By Joe Cochrane, IANS
Islamabad : There’s never a taxi around when you need one. Except, of course, if you are in Pakistan’s capital Islamabad.
A quiet, afternoon stroll through the city’s tree-lined neighbourhoods or a quick walk between office buildings are invariably interrupted by the blaring horn of a dirty, dented yellow Suzuki Mehran and the frantic waving of its driver.
Their purpose is simple: Get you into the taxi, drive you to your destination and try to bargain as much money out of you as possible. It sounds suspect, but it works and has for years, making Islamabad’s “yellow cabs” one of the capital’s enduring modern landmarks.
The taxis came to prominence during the late 1990s, when the then prime minister Nawaz Sharif launched the “yellow cab scheme” in which unemployed men were given loans to buy used cars and become private taxi operators in cities across the country. Prior to that, motorized rickshaws and even horse-drawn carts were more common modes of quick, cheap transport.
Climbing into a yellow cab can be a leap of faith and exercise in determination. There are tens of thousands in Islamabad alone, many of them scarcely look roadworthy, and the drivers as a rule go too fast. The vehicles do not have metres, so it is up to the passenger to negotiate a fair price, which should be no more than $1.65 or 100 Pakistani rupees for a trip across town.
Cab rides can also be amusing. Drivers sometimes stop and have conversations with friend on the roadside while the passenger sits and waits for them to finish. And because the Suzuki Mehran is such a common vehicle, expatriates have been known to climb into private vehicles thinking they are taxis and, to the horror of the driver, demand to be taken home.
Shahnawaz Akhtar has driven a yellow cab in Islamabad and the nearby city of Rawalpindi, his hometown, for the past nine years. He earned a college degree in education but was unable to find a job in that field. So at age 31 he drives a cab up to 12 hours a day, earning nearly $8 or 500 rupees when business is good.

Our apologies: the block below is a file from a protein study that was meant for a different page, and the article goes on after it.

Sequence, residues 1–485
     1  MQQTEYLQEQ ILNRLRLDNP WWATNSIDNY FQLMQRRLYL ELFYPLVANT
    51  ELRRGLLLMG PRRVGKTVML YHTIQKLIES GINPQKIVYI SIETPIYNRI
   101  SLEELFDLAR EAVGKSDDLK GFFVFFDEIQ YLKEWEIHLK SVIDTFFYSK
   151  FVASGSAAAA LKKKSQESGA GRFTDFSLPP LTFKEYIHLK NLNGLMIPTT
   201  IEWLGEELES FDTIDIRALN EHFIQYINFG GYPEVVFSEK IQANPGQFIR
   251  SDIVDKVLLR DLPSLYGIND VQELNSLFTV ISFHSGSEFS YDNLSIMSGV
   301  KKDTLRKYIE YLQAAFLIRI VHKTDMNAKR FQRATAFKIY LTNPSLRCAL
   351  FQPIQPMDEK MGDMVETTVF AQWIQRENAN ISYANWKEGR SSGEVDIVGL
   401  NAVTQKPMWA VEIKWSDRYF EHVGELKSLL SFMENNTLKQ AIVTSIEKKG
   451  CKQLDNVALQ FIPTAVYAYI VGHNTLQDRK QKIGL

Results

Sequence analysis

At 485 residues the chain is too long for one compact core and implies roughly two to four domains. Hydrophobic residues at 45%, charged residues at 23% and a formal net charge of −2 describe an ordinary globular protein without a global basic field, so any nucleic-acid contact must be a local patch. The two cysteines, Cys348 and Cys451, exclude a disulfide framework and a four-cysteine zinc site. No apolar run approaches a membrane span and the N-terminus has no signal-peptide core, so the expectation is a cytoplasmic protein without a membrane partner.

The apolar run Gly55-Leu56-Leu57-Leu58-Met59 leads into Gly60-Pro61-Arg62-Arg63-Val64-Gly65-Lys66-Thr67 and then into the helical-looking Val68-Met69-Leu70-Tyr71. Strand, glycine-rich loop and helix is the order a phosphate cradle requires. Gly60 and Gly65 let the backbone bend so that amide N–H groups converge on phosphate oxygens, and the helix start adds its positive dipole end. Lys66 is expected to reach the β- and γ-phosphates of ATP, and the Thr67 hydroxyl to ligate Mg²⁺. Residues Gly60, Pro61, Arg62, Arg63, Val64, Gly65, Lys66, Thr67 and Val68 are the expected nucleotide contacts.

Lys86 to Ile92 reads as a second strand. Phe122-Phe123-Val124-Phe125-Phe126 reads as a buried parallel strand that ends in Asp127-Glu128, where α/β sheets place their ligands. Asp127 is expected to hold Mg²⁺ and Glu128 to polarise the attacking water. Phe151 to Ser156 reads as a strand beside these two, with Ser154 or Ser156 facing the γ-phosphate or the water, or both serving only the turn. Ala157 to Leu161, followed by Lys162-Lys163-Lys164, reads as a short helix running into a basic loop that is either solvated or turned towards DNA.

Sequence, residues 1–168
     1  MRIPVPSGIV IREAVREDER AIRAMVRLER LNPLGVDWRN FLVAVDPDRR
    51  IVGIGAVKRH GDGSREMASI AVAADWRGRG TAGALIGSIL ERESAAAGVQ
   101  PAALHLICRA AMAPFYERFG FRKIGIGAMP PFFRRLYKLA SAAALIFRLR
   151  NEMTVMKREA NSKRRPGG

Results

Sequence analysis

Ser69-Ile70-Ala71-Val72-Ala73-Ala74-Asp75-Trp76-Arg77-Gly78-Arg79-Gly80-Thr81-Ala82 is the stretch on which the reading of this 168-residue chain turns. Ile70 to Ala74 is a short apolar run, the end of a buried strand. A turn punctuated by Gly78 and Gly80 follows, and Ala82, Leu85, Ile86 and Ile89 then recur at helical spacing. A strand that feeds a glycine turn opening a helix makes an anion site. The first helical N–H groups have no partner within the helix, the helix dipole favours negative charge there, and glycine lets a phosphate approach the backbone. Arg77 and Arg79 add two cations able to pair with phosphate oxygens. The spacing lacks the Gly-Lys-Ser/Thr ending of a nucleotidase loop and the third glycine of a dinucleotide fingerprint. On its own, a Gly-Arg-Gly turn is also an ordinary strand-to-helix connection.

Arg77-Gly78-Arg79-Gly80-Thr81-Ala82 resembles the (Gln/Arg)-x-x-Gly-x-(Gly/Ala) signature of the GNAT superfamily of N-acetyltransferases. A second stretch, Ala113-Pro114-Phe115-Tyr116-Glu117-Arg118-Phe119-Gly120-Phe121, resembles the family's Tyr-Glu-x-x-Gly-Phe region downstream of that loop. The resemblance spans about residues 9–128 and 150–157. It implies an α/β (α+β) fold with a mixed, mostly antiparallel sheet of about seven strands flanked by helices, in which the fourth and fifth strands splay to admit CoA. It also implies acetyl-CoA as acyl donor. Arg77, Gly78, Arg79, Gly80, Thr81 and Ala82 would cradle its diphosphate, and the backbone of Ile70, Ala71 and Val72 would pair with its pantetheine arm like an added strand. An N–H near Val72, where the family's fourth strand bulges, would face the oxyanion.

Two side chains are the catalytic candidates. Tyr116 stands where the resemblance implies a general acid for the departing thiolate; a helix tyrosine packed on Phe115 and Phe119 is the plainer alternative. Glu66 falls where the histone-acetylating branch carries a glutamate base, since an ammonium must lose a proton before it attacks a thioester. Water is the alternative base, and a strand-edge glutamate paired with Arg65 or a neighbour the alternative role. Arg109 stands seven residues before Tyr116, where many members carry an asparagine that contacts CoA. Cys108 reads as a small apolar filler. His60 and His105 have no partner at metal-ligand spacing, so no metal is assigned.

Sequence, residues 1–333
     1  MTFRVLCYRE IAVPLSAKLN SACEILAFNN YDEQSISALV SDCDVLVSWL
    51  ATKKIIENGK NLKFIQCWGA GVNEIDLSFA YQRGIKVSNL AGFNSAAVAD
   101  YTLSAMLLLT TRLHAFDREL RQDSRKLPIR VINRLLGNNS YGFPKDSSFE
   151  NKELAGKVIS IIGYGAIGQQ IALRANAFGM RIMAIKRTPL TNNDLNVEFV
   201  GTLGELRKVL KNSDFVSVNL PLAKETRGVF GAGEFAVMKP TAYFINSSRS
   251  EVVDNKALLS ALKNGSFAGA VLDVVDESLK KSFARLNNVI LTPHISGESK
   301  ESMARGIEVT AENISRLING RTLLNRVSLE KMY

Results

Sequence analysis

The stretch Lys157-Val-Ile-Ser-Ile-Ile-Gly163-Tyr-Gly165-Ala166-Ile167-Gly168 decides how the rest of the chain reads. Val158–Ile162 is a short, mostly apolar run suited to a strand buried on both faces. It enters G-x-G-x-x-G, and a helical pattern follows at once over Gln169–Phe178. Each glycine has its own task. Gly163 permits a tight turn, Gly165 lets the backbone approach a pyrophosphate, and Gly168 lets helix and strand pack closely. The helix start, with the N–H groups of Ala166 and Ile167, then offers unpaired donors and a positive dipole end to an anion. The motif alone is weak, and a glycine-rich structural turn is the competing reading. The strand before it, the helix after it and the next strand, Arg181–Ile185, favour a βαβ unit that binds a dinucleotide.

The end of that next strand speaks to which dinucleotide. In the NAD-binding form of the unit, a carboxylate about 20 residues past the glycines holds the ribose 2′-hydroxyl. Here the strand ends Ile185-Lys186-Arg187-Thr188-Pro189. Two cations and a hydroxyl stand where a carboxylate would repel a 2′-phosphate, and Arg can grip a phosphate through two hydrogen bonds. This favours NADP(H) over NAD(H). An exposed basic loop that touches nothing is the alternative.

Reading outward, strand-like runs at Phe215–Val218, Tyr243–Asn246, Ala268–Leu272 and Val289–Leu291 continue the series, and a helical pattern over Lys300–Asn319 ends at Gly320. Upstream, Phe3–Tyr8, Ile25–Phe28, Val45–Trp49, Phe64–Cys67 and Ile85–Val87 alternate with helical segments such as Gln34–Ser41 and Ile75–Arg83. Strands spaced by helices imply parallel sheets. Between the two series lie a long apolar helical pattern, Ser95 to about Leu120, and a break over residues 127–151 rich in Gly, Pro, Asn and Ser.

“Our population is not too rich; they can’t afford it,” he said in passable English. “Every time they bargain us.”
It is not cheap driving a cab for a living. Since they own their vehicles, drivers like Akhtar must pay for repairs and petrol, and prowl the streets looking for fares rather than answer radio calls like drivers who work for Islamabad’s upscale taxi companies.
The vehicles are cramped and uncomfortable and clearly have seen better days. Passengers should not expect heating or air conditioning – in fact they should not expect anything beyond a hair-raising drive that somehow always ends safely at their destination.
One benefit of the yellow cab is that they run on compressed natural gas (CNG), an environmentally friendly alternative fuel that is half the price of a litre of petrol. But even the price of CNG has more than doubled since 2000, Akhtar said.
Pakistan’s economy and political situation are staple topics of conversation among the public, and it is no different inside a yellow cab. Driving towards a hotel near the city’s diplomatic quarter, Akhtar laments about the military-backed government that has been in power since 1999, and says he hopes for change during upcoming parliamentary elections next month.
“Politics is my hobby,” he said, laughing. “This government doesn’t work for the poor. An army man cannot feel the suffering of a poor person.”
Neither do the country’s civilian leaders, he adds, almost as an afterthought. Perhaps Akhtar can at least take comfort in the fact that, unlike politicians, his yellow cab is always around when people need one.